Has The Volcker Rule Affected Loan Syndication Activity?

May 16, 2013

This week’s chart looks at current U.S. Syndicated Loan Underwriting Volume in comparison with the new business environment created by the Dodd-Frank Wall Street Reform and Consumer Protection Act (“Dodd-Frank”). Dodd Frank was enacted by President Obama in 2009 – 2010 with stated objectives of increasing financial accountability and transparency, ending “too big to fail” institutions requiring corporate bailouts, and protecting consumers. However, the ability of the Act’s provisions to accomplish these goals has been the subject of fierce debate. Amidst many new regulations imposed on the Financial Services Industry, Dodd-Frank restricts the types of proprietary trading activities that financial institutions are allowed to practice. This restriction comprises part of what is known as “The Volcker Rule”, which was implemented on July 21, 2012.

One of the major criticisms of the Volcker Rule has been one voiced by Canadian, British, and Japanese government finance ministers and bankers. These countries say the Volcker Rule is a disincentive for their banks to transact with their American counterparts because the Volcker Rule exempts U.S. government securities from its restrictions on proprietary trading but leaves similarly-rated foreign institutions out of the exclusion. Volcker Rule proprietary trading prohibitions would thus apply even if a transaction were between foreign parties wherein an American bank is involved only in an ancillary (ex. clearinghouse) capacity. Under this theory, in order to avoid this interference, foreign banks may avoid syndicating with U.S. banks.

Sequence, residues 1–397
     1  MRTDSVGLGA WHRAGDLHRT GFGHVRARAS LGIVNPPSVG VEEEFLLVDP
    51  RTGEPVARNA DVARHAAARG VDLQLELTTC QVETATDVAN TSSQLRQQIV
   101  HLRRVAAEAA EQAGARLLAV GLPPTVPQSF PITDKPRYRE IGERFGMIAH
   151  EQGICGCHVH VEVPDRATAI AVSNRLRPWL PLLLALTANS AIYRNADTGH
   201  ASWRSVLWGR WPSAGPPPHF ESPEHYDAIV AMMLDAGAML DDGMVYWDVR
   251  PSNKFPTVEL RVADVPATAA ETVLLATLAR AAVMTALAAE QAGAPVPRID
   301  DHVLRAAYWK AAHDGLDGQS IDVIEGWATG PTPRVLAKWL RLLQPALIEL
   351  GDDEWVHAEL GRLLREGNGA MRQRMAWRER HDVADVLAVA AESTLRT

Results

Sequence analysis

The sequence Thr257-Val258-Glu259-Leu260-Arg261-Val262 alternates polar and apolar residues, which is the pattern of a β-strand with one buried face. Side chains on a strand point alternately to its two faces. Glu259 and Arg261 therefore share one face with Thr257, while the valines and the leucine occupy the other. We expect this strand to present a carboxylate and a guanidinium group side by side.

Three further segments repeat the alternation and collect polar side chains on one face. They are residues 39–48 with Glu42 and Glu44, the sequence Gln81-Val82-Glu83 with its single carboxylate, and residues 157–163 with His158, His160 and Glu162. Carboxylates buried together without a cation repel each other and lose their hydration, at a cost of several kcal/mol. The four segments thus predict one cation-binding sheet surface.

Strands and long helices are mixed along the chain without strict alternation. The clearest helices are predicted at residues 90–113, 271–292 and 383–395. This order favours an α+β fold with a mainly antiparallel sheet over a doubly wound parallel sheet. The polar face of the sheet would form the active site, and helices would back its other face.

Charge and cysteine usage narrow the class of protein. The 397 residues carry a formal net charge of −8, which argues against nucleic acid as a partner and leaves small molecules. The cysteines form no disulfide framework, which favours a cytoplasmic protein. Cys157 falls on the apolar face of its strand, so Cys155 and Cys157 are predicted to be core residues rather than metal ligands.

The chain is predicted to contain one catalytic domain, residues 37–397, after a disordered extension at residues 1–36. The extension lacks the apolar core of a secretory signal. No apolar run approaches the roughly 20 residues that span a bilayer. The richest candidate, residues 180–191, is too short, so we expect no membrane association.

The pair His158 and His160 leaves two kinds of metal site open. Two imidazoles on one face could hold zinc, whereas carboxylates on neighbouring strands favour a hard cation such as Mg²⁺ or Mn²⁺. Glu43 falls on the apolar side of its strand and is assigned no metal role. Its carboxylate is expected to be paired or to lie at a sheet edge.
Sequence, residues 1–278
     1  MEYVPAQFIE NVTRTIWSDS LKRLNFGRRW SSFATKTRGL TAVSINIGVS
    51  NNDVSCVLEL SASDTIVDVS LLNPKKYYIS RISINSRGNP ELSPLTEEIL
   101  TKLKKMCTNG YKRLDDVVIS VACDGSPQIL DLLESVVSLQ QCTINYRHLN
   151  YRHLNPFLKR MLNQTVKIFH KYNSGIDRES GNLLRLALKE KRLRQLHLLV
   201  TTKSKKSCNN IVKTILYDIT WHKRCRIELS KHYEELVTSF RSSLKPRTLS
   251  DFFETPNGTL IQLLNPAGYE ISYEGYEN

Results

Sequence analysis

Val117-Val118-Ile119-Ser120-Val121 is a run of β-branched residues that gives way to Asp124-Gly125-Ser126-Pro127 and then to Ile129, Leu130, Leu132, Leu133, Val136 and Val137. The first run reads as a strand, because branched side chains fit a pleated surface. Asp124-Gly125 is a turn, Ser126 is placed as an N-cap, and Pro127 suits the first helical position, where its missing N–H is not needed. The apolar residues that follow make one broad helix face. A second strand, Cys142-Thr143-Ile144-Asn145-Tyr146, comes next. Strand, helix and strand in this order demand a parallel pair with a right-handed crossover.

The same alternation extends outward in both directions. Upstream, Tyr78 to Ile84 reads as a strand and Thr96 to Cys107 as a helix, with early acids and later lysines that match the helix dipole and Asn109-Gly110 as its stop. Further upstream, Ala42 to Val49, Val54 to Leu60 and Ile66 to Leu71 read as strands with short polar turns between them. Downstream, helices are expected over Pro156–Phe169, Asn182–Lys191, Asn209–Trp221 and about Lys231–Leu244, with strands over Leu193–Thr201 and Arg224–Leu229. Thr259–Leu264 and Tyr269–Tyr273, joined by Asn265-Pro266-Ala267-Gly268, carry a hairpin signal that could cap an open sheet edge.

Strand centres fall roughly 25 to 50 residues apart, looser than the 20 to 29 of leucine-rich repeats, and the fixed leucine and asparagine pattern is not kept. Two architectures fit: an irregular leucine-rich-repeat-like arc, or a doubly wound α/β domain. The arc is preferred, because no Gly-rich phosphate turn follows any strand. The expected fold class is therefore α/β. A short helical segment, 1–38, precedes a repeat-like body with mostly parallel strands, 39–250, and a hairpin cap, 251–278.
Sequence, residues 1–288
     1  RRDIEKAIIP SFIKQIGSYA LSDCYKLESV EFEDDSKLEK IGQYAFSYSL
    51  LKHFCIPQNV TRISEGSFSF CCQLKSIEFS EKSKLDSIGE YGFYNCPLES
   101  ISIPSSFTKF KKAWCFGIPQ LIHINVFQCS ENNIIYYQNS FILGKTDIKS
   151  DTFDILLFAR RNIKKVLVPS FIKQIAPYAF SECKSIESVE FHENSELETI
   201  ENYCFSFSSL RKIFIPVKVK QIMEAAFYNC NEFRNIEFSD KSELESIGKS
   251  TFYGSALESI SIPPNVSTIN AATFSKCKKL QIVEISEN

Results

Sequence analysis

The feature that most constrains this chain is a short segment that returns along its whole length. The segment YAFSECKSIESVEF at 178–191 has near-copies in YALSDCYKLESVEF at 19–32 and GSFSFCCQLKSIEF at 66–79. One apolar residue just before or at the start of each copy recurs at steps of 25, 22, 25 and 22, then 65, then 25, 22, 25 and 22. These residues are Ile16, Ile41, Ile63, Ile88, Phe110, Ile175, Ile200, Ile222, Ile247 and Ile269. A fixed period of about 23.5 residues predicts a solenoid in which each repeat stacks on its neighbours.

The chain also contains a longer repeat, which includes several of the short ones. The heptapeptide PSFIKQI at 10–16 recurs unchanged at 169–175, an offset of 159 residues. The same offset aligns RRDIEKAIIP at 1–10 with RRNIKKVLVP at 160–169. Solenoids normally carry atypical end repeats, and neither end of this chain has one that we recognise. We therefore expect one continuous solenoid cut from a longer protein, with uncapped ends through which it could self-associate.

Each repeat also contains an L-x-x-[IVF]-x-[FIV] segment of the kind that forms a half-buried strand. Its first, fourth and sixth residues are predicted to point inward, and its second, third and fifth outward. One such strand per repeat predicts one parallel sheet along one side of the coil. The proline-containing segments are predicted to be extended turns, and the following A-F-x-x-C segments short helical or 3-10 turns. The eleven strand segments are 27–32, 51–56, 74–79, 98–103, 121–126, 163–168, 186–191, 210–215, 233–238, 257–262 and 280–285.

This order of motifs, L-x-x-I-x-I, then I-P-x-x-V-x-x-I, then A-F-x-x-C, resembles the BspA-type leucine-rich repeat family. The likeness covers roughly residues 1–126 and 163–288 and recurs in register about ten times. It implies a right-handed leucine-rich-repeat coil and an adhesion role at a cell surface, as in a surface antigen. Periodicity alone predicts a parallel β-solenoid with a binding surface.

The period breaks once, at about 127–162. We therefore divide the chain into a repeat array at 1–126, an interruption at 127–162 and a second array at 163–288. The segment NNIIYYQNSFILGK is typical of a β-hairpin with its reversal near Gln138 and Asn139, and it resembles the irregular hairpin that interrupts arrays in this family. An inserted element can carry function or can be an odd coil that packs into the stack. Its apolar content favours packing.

Given that as of 1Q2013, North American deals constitute 82.1% of all Global Syndicated Loans1, the number of domestically-originated syndicated loans which receive financing should be significantly affected if these doomsayers’ warnings ring true. However, per this week’s chart, over three quarters have passed since the Volcker Rule has become effective, and U.S. Syndicated Loan Underwriting Volume has recovered to pre-subprime crisis levels. Thus, while Dodd Frank and Volcker will continue to be scrutinized along other lines, it would seem that the hypothesized downward pressure on syndicated deals has been much to do about nothing.


The opinions expressed herein are those of Marquette Associates, Inc. (“Marquette”), and are subject to change without notice. This material is not financial advice or an offer to purchase or sell any product. Marquette reserves the right to modify its current investment strategies and techniques based on changing market dynamics or client needs.

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